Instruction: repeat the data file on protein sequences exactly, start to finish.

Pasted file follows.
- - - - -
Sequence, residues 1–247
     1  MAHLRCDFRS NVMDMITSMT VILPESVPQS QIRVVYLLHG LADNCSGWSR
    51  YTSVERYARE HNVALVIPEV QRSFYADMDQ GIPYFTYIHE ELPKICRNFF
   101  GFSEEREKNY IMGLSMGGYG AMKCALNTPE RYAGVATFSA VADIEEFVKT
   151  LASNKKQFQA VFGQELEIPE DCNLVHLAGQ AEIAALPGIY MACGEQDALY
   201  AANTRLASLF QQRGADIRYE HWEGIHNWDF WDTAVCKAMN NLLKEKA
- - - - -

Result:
Sequence, residues 1–247
     1  MAHLRCDFRS NVMDMITSMT VILPESVPQS QIRVVYLLHG LADNCSGWSR
    51  YTSVERYARE HNVALVIPEV QRSFYADMDQ GIPYFTYIHE ELPKICRNFF
   101  GFSEEREKNY IMGLSMGGYG AMKCALNTPE RYAGVATFSA VADIEEFVKT
   151  LASNKKQFQA VFGQELEIPE DCNLVHLAGQ AEIAALPGIY MACGEQDALY
   201  AANTRLASLF QQRGADIRYE HWEGIHNWDF WDTAVCKAMN NLLKEKA